Today’s photos are from Suzanne Stewart in Glenwood Springs Colorado. In August, she shared some photos of her garden in the summer, and today she’s sharing some images showing the wonderful winter wonderland she has this year. If you compare her summer shots with these, you’ll see that she took some from the same angles, so you can really see how the garden changes with the season. While her garden may not be beautiful to our eyes in the winter, she also makes sure it is full of a lot of food for the birds and other wildlife to help keep them going through the long, cold months. And inside, she’s made a little flowery paradise for herself to enjoy until spring arrives.
Suzanne doesn’t cut back her echinaceas in the fall, so the birds can enjoy the seed heads. Unfortunately, the deer enjoy the blue fescue, although the plants usually bounce back in the spring.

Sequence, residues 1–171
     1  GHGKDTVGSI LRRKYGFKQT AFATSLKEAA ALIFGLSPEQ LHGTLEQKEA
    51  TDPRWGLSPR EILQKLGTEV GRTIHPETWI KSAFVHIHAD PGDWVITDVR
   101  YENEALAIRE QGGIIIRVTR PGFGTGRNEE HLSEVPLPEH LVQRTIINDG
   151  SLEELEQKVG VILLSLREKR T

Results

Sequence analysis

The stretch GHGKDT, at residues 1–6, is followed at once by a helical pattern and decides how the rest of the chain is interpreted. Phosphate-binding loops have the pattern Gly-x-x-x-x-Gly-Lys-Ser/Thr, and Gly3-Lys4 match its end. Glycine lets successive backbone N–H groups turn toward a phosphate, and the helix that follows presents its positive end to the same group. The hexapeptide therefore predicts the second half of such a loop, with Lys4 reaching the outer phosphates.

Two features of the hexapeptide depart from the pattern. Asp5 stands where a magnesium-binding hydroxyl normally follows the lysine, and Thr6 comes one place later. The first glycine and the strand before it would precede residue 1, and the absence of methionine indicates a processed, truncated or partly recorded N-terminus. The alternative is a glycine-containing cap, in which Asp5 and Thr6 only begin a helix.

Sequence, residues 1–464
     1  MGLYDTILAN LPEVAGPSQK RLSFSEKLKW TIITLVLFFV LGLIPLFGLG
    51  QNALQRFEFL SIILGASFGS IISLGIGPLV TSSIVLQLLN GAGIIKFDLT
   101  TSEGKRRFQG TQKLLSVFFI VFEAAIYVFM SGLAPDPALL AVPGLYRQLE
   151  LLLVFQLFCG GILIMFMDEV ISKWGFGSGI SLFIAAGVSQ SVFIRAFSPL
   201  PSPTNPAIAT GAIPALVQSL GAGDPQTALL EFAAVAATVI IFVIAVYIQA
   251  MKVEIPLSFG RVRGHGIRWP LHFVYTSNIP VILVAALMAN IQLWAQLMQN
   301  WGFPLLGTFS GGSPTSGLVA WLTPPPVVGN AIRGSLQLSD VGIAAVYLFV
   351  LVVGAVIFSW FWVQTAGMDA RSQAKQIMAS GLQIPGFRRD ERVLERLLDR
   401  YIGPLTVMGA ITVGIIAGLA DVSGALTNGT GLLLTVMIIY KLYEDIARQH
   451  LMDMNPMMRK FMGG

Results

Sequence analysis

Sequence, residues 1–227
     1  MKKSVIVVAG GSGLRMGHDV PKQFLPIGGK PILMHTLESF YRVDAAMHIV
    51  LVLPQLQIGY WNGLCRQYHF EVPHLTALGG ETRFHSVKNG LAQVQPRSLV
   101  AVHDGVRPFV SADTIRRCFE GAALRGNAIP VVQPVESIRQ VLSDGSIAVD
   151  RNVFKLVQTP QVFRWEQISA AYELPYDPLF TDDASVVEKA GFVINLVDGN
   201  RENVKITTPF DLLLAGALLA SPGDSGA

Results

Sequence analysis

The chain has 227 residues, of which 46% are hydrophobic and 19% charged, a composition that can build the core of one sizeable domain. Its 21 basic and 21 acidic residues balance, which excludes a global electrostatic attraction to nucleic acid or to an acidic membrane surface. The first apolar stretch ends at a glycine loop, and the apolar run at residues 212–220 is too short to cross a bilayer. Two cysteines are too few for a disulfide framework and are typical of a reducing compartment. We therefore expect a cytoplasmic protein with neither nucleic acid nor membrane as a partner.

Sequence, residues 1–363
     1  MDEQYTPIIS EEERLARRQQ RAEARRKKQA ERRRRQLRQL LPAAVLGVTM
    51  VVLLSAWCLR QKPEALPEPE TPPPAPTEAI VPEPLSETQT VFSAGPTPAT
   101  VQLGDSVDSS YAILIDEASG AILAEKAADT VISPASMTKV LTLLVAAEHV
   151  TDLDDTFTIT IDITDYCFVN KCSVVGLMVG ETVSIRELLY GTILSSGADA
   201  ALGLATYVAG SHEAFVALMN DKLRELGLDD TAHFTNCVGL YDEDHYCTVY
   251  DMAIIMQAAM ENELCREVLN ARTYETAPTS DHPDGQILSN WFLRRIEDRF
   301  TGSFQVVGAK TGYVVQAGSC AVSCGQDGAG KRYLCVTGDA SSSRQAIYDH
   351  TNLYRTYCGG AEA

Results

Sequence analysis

The mountain views are perhaps even more beautiful wreathed in snow.
The red-copper leaves in the fall are Suzanne’s favorite part of this prized barberry (Berberis thunbergii, Zones 5–8). Those have faded, but some berries have hung on for winter interest and to provide snacks for the birds.
Even Suzanne’s beautiful blue-patinated female Buddha is happy to see the snow!
A view of the house wrapped in snow.
Step inside the house, out of the snowy cold, and visit the personal winter amaryllis festival happening in Suzanne’s south-facing kitchen window. (We’ve got a guide to reblooming your amaryllis here if you want flowers like this on your windowsill every winter.)
A detail of these beautiful flowering bulbs . . .
. . . and the promise of more flowers on the way—much like the promise of the beautiful spring that will eventually arrive outside where it is all snow right now.
Have a garden you’d like to share?
Have photos to share? We’d love to see your garden, a particular collection of plants you love, or a wonderful garden you had the chance to visit!
To submit, send 5-10 photos to GPOD@finegardening.com along with some information about the plants in the pictures and where you took the photos. We’d love to hear where you are located, how long you’ve been gardening, successes you are proud of, failures you learned from, hopes for the future, favorite plants, or funny stories from your garden.
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